The Televue Barlow will set you back an additional £50-60 at least. You can always upgrade in the future. For a beginner, I would stick to the SW 2x Barlow at £30, which is good value. Agree with switching to a variable filter. I have the 8mm, 12mm, 15mm and 18mm BST Starguiders. All good pieces worth adding to your collection when you can. If you start with the 8mm, you will get some great views of Jupiter when Barlowed, and it will bring out a lot of detail on the moon.

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Thanks for the advice everyone. I was uncertain about the filters to be honest, might have these on a future wish list and put the extra money towards other BST EPs, or should I get at least one filter?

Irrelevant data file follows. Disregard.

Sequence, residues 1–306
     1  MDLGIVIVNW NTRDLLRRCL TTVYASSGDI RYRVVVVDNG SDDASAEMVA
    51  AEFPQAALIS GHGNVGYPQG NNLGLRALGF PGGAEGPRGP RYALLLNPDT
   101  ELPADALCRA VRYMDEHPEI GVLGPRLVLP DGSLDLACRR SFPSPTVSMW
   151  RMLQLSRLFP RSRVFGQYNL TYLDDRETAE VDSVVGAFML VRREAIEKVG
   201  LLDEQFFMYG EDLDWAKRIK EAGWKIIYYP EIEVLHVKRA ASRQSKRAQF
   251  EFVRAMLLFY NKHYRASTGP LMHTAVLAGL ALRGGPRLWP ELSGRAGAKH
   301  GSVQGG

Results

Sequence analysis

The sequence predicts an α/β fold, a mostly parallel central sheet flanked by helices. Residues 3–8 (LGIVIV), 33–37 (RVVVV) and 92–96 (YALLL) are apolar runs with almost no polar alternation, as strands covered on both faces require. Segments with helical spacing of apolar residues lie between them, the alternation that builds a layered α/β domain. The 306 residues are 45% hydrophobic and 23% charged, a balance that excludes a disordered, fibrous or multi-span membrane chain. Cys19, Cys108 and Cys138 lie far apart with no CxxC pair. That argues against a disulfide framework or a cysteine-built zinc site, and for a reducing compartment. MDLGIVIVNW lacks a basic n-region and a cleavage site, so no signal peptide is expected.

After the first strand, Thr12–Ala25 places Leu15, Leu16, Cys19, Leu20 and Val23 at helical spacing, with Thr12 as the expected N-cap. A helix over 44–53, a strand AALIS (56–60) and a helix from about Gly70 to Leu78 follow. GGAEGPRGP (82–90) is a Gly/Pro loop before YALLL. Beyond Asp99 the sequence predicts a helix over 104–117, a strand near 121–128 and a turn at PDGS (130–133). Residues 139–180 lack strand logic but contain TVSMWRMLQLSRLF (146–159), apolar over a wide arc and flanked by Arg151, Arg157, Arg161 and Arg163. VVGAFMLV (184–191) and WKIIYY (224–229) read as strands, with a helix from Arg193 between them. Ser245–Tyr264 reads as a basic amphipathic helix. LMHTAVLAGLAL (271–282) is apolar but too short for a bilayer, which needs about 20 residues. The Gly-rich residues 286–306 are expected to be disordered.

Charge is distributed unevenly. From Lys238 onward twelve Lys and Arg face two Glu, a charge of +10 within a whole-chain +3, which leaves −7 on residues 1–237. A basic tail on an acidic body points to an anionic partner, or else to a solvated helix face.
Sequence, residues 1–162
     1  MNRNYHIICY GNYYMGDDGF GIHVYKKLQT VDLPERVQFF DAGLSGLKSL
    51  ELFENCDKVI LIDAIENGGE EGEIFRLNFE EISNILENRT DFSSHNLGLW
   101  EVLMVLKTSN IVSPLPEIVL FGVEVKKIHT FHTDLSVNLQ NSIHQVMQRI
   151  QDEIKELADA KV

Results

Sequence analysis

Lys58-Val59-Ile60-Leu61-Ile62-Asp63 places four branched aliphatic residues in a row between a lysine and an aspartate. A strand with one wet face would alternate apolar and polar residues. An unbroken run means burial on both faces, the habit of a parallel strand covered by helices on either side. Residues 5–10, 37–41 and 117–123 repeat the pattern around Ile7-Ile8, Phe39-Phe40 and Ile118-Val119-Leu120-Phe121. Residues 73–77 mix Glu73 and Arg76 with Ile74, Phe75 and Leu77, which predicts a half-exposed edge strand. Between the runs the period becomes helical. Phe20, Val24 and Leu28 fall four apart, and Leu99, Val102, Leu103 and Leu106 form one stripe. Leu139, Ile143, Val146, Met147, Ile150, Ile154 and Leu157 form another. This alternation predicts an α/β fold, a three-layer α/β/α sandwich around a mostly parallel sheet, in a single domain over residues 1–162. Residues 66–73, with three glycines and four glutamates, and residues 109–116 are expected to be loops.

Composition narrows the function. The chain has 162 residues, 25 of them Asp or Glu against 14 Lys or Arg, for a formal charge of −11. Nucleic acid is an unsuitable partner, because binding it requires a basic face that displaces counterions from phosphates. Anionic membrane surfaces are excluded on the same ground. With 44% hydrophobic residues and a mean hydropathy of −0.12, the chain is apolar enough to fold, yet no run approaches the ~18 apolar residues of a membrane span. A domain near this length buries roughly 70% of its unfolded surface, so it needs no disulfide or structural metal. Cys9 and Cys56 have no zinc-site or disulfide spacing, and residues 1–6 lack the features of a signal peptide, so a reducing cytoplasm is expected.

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Moox........Hi, I`d leave of the filters for now and buy an extra BST, either the 18mm or maybe as brantuk mentions a wide angle 32mm (BST's stop at 25mm) I chose the Panaview, but GSO Superviews get a good report too. That was nearly my choice, but more folk have the Panaview. Sunglasses will help with the diffusion of the Moon, as will the dust cover aperture cap ( with a slight reduction in aperture - but kills some of the brightness ) As for photography, its not impossible, take a peek at my Gallery. The HTC Android ones are are slightly fuzzy, but nonetheless show great detail. The DSLR images of the Moon are just too small. I think if I had a 2" Barlow to get a higher magnification during prime focal use,  it should increase the image size. I don't expect to take other planetary images  without tracking?